Turnout crumbled. Between 1896 and 1924, participation plunged from 80% back to less than 50%, and remained mediocre for much of the next century. African-Americans and working class whites – the populations promised the most by the “pure democracy” optimism after the Civil War – were hit the hardest. The lesson is clear – a culture of participation can be built, as between 1820 and 1876, and it can also be destroyed, as over the next 50 years.
Another clear lesson from the 19th century is that election losers’ claims of fraud are an easy weapon to reduce turnout. While there is no credible evidence of significant fraud in American elections today, there certainly was plenty back in the 1800s. But what is most striking is how similar the unsubstantiated claims of fraud made by White Southern Democrats made against new Black voters after the Civil War – or lodged by losing parties in the North – sound to what we hear today. One senator who complained, in 1874, that conspiracy theorists treated every elected official “as if he were a vulgar trickster,” sounds distressingly like the Texas election official who worried last month about “the default assumption that county election officials are bad actors.”
Perhaps even more menacingly familiar than the new state laws restricting voting are the efforts to reintroduce partisan poll watchers on Election Day. This is the new development that causes me the most concern, because the record is so clear about the harm of turning polling places into partisan battle-domes. Throughout most of the 1800s, partisan poll watchers, “challengers,” “shoulder hitters” and “bludgeon men” patrolled polling places, using intimidation, “knock downs” and “awlings” (literally stabbing voters with awls) to swing elections. Often, partisan poll watchers clashed with rivals from the other side, as in one municipal election in Baltimore in 1859, which left eight shot, four stabbed and two dozen beaten across the city. Americans grew used to post-election reports of what headlines called such “outrages at the polls.”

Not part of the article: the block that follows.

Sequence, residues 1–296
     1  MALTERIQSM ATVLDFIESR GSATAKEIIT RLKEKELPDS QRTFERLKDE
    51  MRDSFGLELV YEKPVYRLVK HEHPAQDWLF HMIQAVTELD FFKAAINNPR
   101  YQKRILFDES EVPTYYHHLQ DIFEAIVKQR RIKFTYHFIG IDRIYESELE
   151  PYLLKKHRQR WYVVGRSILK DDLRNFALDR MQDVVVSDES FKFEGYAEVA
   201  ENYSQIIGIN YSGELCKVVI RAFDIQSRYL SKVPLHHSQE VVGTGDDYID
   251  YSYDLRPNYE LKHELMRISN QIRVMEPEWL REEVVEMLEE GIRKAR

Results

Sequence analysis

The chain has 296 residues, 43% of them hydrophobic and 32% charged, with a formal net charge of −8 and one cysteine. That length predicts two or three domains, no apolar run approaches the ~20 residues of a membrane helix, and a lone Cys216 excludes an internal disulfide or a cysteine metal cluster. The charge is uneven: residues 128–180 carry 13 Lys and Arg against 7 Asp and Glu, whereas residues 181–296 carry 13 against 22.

Enabling partisan poll-watchers inevitably draws similar activists from the other side, launching a spiraling arms race at elections. And as many of these laws are being introduced in battleground states, like Florida, Texas and Georgia, it’s not hard to imagine rival poll-watchers clashing on Election Day and making it impossible for ordinary voters to safely cast a ballot.
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After a career studying the “dirty tricks” of the 19th century in the archives, I’m amazed to see them dreamt up again in the 21st. Of course, it’s not as if these latter-day suppressors are doing their historical research, they are merely falling back on the logic of partisanship, as were the Democrats and Republicans who introduced these ideas 150 years ago. As long as legislators value a win for their tribe over a win for the majority, they will continue to get dangerously creative on Election Day.
One of the strengths of American democracy is its continuity: we’ve operated under the same basic system of government for longer than nearly any other nation on earth. Which means we have a deep record of what reforms help – and what reforms harm – the cause of popular self-government. We’ve learned too much about voting rights and voter suppression over the centuries to blunder into some of our old, ugly missteps again today. By this point, we should know better.